Tijdschrift voor sociale gezondheidszorg, 10 Oct. 1984, Vol.62, No.20, p.796-804. Illus. 23 ref.

CIS 85-373 Elias R., Cail F.
Work with binocular microscopes - Visual and postural strain
Travail sous binoculaires - Astreintes visuelles et posturales [in French]
Study of working conditions during the use of binocular microscopes in the electronic component industry. Surveys in 3 enterprises included standardised interviews with operators and measurements of visual fatigue. Visual fatigue was caused by excessive eye accommodation aggravated by factors such as fixed vision and contrasting luminance in the field of vision. Postural fatigue manifested itself by localised pain, mostly at the nape of the neck and the lower back. The causes of these problems are analysed, and measures designed to improve working conditions are suggested.
Cahiers de notes documentaires - Sécurité et hygične du travail, 4th quarter 1984, No.117, Note No.1500-117-84, p.451-456. Illus. 12 ref.

CIS 85-580 Boxer P.A., Singal M., Hartle R.W.
An epidemic of psychogenic illness in an electronics plant
A questionnaire survey of symptoms indicated that 98 workers experienced light-headedness, headache, sleepiness, and numbness or tingling of the face or extremities. Attack rates by work station followed no apparent pattern, and extensive medical and environmental evaluation, including air sampling for numerous solvents and gases provided no physical or chemical explanation for the epidemic. Compared with well employees, ill employees were more commonly female, complained more frequently of odours, and believed that greater danger existed of the illness recurring. Blood gas analysis of 7 of 11 ill workers showed respiratory alkalosis, consistent with hyperventilation.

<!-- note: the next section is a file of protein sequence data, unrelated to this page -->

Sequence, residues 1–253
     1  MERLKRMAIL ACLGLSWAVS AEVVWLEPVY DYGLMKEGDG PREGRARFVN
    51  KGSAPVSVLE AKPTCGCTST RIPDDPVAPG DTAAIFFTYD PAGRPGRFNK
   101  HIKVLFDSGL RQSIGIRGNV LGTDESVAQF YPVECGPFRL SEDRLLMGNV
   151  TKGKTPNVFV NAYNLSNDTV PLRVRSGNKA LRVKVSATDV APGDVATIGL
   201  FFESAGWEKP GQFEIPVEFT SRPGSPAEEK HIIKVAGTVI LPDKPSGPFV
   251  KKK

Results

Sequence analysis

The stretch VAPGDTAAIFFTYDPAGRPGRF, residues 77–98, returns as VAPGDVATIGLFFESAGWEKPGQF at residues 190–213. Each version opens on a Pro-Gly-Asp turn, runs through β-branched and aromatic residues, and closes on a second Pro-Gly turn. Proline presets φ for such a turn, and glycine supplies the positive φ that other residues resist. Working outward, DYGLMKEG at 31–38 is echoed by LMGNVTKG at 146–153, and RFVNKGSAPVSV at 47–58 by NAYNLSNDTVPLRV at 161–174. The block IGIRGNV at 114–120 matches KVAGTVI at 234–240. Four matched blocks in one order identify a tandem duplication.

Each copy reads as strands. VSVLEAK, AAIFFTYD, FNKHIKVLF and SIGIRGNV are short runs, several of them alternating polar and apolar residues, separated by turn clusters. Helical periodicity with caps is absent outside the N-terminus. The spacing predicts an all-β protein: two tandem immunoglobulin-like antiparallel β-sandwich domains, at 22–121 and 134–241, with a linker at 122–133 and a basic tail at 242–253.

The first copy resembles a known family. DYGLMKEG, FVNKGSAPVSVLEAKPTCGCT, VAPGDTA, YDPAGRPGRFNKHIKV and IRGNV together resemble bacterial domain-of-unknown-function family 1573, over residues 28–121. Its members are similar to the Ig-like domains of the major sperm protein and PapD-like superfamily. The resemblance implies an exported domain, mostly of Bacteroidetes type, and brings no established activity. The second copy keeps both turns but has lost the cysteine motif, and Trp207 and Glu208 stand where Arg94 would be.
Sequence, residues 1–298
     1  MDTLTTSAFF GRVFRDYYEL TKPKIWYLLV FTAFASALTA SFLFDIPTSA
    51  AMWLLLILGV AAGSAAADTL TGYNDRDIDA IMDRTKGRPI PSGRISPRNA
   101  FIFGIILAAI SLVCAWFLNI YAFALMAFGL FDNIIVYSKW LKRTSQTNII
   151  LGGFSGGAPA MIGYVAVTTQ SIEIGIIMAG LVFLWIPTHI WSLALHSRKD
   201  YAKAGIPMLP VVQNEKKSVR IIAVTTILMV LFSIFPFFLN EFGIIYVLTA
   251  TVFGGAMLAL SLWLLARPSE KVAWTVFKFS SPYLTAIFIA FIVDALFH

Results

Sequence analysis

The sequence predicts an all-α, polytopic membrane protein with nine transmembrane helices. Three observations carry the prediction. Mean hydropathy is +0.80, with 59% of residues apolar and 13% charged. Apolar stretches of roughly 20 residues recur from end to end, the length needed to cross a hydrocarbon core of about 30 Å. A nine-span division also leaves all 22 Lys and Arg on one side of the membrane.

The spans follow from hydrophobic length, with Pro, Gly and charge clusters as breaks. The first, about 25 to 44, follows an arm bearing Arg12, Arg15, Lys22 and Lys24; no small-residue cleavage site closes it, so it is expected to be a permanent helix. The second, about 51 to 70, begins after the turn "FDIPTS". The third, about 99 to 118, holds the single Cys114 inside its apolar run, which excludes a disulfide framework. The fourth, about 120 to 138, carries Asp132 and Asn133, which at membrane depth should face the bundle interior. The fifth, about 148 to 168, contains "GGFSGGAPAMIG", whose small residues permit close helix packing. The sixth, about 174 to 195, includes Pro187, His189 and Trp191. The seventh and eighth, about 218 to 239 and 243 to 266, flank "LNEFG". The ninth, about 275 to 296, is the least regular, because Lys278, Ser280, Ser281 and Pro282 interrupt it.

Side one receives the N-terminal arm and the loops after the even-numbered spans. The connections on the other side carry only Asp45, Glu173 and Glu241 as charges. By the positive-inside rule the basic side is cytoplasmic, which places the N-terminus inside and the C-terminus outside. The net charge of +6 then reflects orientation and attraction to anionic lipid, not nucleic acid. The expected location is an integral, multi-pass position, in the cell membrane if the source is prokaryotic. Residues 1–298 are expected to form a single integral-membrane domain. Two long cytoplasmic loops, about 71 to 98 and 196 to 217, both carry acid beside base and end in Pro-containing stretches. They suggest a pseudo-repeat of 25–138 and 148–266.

Journal of Occupational Medicine, May 1984, Vol.26, No.5, p.381-385. 15 ref.

CIS 85-102 Degreasing solvents
This trades union data sheet covers hazards associated with the use of solvents for degreasing metal surfaces in the engineering and electronics industries and in laboratories. Contents: toxicity (white spirit, trichloroethylene, 1,1,1-trichloroethane, methylene chloride, trichlorotrifluoroethane); exposure limits; control measures (cold degreasing, vapour degreasing, ventilation, thermostats, condensing coils, degreasing operations, monitoring, maintenance, cleaning, protective clothing, storage, disposal of waste, first aid, medical monitoring); checklist for degreasing tank inspections. A safety poster is included.
Association of Scientific, Technical and Managerial Staffs, 79 Camden Road, Camden Town, London NW1 9ES, United Kingdom, 1984. 7p. Bibl.

CIS 85-133 Greaves I.A., Wegman D.H., Smith T.J., Spiegelman D.L.
Respiratory effects of two types of solder flux used in the electronics industry
Questionnaires and lung spirometry were administered to 93 female and 11 male electronics workers who soldered printed circuit boards. 68 subjects worked only with a rosin-core solder and 36 had changed from the rosin-core to an aqua-core (phosphorous hexate) solder 15 months before the study. Symptoms of eye, throat and nose irritation occurred in almost half of the group. Lower respiratory tract symptoms, including cough, phlegm production and wheezing also occurred with increased frequency compared to the general population. Similar symptom rates occurred in the groups using the different core types. Lung spirometry tests and symptoms improved over weekends and during vacations, indicating a work-related effect.
Journal of Occupational Medicine, Feb. 1984, Vol.26, No.2, p.81-85. 7 ref.